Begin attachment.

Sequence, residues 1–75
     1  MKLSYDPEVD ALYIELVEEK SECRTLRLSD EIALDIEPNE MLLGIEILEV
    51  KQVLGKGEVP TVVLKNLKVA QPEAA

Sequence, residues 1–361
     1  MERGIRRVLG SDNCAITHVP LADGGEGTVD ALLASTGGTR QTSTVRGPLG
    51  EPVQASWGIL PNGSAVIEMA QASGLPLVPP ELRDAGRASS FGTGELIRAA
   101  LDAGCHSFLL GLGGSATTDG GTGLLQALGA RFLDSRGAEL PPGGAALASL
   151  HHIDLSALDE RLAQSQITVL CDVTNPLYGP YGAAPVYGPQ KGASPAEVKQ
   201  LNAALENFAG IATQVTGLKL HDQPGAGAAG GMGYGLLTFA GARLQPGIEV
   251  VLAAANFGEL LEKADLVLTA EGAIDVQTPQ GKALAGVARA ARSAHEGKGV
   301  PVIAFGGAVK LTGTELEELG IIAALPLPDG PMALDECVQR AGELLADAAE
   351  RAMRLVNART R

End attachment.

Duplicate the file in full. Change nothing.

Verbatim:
Sequence, residues 1–75
     1  MKLSYDPEVD ALYIELVEEK SECRTLRLSD EIALDIEPNE MLLGIEILEV
    51  KQVLGKGEVP TVVLKNLKVA QPEAA

Sequence, residues 1–361
     1  MERGIRRVLG SDNCAITHVP LADGGEGTVD ALLASTGGTR QTSTVRGPLG
    51  EPVQASWGIL PNGSAVIEMA QASGLPLVPP ELRDAGRASS FGTGELIRAA
   101  LDAGCHSFLL GLGGSATTDG GTGLLQALGA RFLDSRGAEL PPGGAALASL
   151  HHIDLSALDE RLAQSQITVL CDVTNPLYGP YGAAPVYGPQ KGASPAEVKQ
   201  LNAALENFAG IATQVTGLKL HDQPGAGAAG GMGYGLLTFA GARLQPGIEV
   251  VLAAANFGEL LEKADLVLTA EGAIDVQTPQ GKALAGVARA ARSAHEGKGV
   301  PVIAFGGAVK LTGTELEELG IIAALPLPDG PMALDECVQR AGELLADAAE
   351  RAMRLVNART R